MottJeremy Hardin Mott, 66, on September 2, 2012, in Roanoke, Va., of an intestinal hemorrhage. Jeremy was born on December 3, 1945, in New York City, to Kathryn Hardin and John Colman Mott, and grew up in Ridgewood, N.J., and Rochester, N.Y. When he was a baby, his parents joined Ridgewood Meeting as convinced Friends and added him to membership. From early childhood Jeremy was fascinated with trains. At 8, after the station master in New York City interviewed him, he was allowed to take the train by himself to visit grandparents in Florida, and as a teenager he once rode the entire New York subway system on one token. Summer sessions at Farm and Wilderness Camps in Vermont and three years at Sandy Spring Friends School, Md., from which he graduated in 1963, shaped his Quaker experience. He attended Harvard University for two years and worked for a year for the Erie Railroad. When drafted, he worked with the Brethren Volunteer Service in Chicago, but he resigned from alternative service and burned his draft card in Central Park during the 1966 Mobilization Against the War, writing in his letter to Selective Service that he wanted “to resist our warring government, including the Selective Service System, rather than to seek special privileges from it.” With others, he formed the Chicago Area Draft Resisters, CADRE. He was arrested, tried, and sentenced to prison for five years (reduced on appeal to four). After he was released on parole in 1969, he worked for about three years for the Midwest Committee for Draft Counseling and published a newsletter for 5,000 draft counselors nationwide. Jeremy met Judith Franks at New York Yearly Meeting in 1969, and they married in 1970 under the care of Summit (N.J.) Meeting and settled in Chicago, where he was a member of 57th Street Meeting. During this period he and Judy lived below taxable income to avoid supporting the military. He earned a bachelor’s from University of Illinois at Chicago in 1975, and in 1976 the family moved to New Jersey, where he worked for Amtrak as a dispatcher. They lived in Hoboken, Ridgewood, and Hackensack. He rejoined Ridgewood Meeting, was active in New York Yearly Meeting, and served on committees for what is now the Center on Conscience and War in Washington, D.C., and for the Farm and Wilderness Camps in Vermont. Jeremy was knowledgeable about many subjects and passionate about sharing his interests. His daughter notes that she could happily listen to him talk for hours about history, geography, transportation, and music. He was a one‐man Quaker information center, a constant reader of the Quaker press with contacts in every corner of the Quaker world. Before he adopted email, he would send letters to the editor on a series of post cards, writing first on one card and continuing with as many as it took to finish. Later he contributed comments to blogs and online discussions. In the 1990s, he was diagnosed with bipolar disorder and developed blood clots and Parkinson’s, but in spite of several hospitalizations, he continued to work until 2000. Jeremy and Judy moved to Roanoke in 2009 and began attending Roanoke Meeting. Jeremy is survived by his wife, Judith Franks Mott; his daughter, Mary Hannah Mott (Jacob Wise); his mother, Kathryn Hardin Mott; three sisters, Margaret Mott, Jessica Mott, and Bethany Mott, and their families. Friends who wish to make a contribution in memory of Jeremy may want to consider one of these organizations that were especially important to him: Bolivian Quaker Education Fund (www​.bqef​.org); African Great Lakes Initiative of the Friends Peace Teams (www​.aglifpt​.org); Friends Boys School, Belize of the Friends United Meeting Global Ministries (www​.fum​.org/​w​o​r​l​d​m​i​s​s​i​o​n​s​/​b​e​l​i​z​e​.​htm); Quaker House of Fayetteville, N.C. (www​.quakerhouse​.org); and Center on Conscience and War (www​.centeronconscience​.org).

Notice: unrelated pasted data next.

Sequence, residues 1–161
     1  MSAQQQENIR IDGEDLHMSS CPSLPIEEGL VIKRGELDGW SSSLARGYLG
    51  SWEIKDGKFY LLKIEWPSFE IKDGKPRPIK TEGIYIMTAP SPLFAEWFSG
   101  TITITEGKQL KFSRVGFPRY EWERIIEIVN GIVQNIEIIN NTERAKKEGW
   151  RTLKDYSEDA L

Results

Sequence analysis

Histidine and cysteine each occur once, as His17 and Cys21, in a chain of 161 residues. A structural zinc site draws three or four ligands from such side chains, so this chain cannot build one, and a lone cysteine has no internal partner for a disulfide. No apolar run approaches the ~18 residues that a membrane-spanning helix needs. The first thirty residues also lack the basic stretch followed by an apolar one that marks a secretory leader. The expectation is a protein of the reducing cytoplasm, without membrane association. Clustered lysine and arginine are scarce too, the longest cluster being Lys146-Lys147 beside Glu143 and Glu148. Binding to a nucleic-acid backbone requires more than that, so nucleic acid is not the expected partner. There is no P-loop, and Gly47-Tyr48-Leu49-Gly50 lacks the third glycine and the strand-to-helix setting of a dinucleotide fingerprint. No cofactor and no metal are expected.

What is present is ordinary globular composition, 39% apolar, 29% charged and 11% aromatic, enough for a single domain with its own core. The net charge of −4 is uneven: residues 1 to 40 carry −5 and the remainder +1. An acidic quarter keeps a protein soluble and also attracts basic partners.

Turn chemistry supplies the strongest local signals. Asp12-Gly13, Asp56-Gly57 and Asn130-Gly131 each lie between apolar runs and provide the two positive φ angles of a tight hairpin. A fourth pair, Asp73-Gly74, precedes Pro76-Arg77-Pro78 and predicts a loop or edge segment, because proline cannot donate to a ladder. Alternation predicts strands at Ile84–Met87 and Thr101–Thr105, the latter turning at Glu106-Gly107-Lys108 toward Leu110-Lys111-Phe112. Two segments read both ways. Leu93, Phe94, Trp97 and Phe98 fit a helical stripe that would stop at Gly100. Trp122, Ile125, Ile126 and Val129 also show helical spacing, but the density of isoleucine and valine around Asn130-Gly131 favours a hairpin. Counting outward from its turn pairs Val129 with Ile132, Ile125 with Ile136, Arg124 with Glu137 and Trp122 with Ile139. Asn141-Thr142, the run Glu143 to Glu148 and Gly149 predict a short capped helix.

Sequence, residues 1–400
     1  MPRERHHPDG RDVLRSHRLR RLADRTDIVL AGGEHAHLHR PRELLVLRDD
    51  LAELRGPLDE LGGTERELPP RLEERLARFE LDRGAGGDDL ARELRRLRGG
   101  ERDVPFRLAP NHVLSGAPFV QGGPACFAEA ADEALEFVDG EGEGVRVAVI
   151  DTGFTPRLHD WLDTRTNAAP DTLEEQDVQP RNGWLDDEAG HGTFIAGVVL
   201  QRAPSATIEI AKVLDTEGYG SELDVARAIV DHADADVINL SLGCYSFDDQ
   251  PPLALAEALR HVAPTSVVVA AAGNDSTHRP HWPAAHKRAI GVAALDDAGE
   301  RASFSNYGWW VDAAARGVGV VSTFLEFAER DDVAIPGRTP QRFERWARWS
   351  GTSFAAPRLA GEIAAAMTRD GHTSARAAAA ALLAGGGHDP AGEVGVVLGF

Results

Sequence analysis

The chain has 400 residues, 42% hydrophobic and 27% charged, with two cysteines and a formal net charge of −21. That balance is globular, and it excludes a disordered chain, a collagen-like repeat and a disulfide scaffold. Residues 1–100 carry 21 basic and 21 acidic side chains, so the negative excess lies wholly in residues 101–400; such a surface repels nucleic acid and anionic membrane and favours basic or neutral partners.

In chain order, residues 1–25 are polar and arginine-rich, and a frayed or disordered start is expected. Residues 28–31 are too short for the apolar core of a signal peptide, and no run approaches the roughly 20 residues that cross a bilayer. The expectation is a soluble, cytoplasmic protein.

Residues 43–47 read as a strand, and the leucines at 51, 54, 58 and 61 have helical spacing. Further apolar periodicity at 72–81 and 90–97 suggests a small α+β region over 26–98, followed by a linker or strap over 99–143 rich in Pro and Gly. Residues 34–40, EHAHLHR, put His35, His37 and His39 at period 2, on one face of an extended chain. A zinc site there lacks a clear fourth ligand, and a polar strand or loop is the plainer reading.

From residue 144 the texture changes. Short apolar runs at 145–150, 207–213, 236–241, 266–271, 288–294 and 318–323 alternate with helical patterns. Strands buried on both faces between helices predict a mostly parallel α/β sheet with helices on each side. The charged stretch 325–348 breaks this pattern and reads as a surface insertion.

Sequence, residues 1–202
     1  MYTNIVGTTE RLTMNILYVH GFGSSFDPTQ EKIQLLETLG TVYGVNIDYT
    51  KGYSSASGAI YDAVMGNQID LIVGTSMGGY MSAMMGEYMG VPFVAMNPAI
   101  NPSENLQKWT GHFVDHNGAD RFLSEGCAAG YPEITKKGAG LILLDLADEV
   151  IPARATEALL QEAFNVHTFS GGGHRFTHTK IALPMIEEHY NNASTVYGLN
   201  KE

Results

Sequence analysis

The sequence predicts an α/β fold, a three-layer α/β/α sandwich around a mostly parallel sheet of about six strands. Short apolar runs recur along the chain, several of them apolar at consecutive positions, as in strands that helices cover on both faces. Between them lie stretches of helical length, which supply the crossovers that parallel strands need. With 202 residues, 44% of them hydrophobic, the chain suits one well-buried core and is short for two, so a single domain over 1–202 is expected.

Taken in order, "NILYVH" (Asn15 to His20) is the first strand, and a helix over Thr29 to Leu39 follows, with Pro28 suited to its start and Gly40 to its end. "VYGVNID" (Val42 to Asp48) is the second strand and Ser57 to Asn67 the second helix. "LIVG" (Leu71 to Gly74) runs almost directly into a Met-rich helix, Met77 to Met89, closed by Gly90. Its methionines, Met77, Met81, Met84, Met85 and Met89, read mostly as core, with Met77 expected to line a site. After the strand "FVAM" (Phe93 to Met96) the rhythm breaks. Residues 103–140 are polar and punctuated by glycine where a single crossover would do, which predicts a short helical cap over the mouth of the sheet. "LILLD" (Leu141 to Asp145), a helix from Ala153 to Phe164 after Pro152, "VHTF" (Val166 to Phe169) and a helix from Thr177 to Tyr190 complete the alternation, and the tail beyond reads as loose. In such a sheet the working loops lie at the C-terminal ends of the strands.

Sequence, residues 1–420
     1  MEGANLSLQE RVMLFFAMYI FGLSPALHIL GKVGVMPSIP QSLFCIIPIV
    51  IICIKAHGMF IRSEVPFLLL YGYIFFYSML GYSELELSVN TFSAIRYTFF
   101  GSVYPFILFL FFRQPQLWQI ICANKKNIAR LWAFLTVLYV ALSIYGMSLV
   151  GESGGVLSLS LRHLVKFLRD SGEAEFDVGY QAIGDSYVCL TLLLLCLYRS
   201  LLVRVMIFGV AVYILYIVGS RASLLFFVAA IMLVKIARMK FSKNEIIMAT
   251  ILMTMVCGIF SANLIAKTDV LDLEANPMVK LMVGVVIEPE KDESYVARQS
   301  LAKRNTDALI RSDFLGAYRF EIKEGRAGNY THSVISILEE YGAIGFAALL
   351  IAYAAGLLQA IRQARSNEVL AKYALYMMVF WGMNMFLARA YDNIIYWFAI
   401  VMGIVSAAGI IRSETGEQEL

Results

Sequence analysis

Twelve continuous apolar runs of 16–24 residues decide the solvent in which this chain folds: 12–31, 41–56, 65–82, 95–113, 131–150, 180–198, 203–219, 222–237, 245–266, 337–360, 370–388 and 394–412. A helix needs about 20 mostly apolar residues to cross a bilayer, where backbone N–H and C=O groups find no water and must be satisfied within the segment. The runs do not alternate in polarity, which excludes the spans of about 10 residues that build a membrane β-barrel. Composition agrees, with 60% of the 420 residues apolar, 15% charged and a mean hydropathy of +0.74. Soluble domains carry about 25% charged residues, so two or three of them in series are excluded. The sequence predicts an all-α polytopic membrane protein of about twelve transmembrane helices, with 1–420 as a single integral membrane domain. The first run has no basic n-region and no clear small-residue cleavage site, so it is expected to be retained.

PhelanCeal Phelan (Cecilia P. DeLaurier), 63, on February 5, 2013, in Malvern, Pa. Ceal was born on July 22, 1949, in Detroit, Mich., to Elizabeth Sloan and William Phelan. Growing up in Royal Oak, Mich., Ceal attended Shrine of the Little Flower Elementary and High School where she was (as she put it) “the token ugly cheerleader,” although contemporary photos belie her description. She and her mother loved horses, and her bedroom was filled with ribbons and trophies from show jumping. After attending University of Michigan on scholarship and graduating in 1971 magna cum laude with a bachelor’s in English, she moved to Kansas City, Mo., to study and to work with the Missouri Repertory Theatre (now Kansas City Repertory Theatre). There she met Peter DeLaurier, and they played the romantic leads in George Farquhar’s The Beaux Stratagem, fell in love, and married that May. They had written their own vows, but Ceal had just played Juliet and had recently played in Brecht’s Mother Courage, and there being too many lines by then in her head, she began to improvise. Peter, open mouthed, gamely followed along. She earned a master’s degree from Illinois State University in 1973, and she and Peter moved to New York in 1974. She worked as a proofreader and managing editor for several books and did productions off‐ and off‐off Broadway. In the spring of 1978, they moved to Wilmington, Del., and founded the Delaware Theater Company. She and Peter also began to work with People’s Light & Theatre Company in Malvern, Pa. Ceal started long‐distance running and became a nationally ranked runner, setting the Delaware state record for a woman marathoner. In addition to performing she taught acting and worked as a sous chef at a macrobiotic café attached to their local food co‐op. After freelancing for a year in New York, they lived for a few years in Jackson, Miss. A Democratic Party activist, Ceal had registered voters in Harlem in 1984, and she was chased out of a Jackson parking lot by a rent‐a‐cop with a pistol in 1989. The couple moved to Newark, Del., to teach acting at University of Delaware, and with Drury Pifer founded FirstStage. Ceal was active at People’s Light as an actress, director, and teacher, receiving Barrymore Award nominations for her work and starting the Adult Ensemble in the Theatre School. She also taught at Philly New Playwrights, Temple University, Arcadia University, and West Chester University, and she directed and acted for the Lantern Theater. Ceal and Peter adopted Jacques Bansi DeLaurier (named for Peter’s father) who arrived from India in 1989. Ceal was a member of Willistown Meeting in Newtown Square, Pa., and she taught in First‐day school, clerked the peace and social action committee, and served on the care and counsel committee. In 1993 Ceal and Peter sponsored 17‐year‐old Nok Phrompeng to come to America through the AMLEG program for the orderly repatriation of Amerasian children, and became her legal guardians. Ceal was diagnosed with stage IV colon cancer in 2002 and given six months to live. Her tenacity and her ability to attract the best minds and hearts to her cause kept her living, working, teaching, organic gardening, agitating, serving, changing lives, and making the world a better place for ten more years. Just out of the hospital in December and propped up on pillows and boxes, she inspired her students and assessed their scenes. Her friend and colleague at People’s Light, David Bradley, wrote an article online at www​.philly​.com/​p​h​i​l​l​y​/​o​p​i​n​i​o​n​/​1​9​1​3​3​2​8​8​1​.​h​tml in which he said, “Ceal believed theatre belonged in the heart of a community, that telling stories of mothers and queens and even fantastical creatures, and teaching others how to inhabit those characters, was a way to build understanding, connection, and peace. Her life was a testament to enduring values—relationship, truth, and the call of conscience.” Friends planning her memorial service said, “She is such a part of us that, if we sit quietly and wait on her, she will find us still.” Ceal is survived by her husband, Peter DeLaurier; a son, Jake DeLaurier; a daughter, Natalie (Nok) Phrompeng (Zig Swistunowicz); a sister, Elizabeth Rice; and two brothers, Peter Phelan and William Phelan.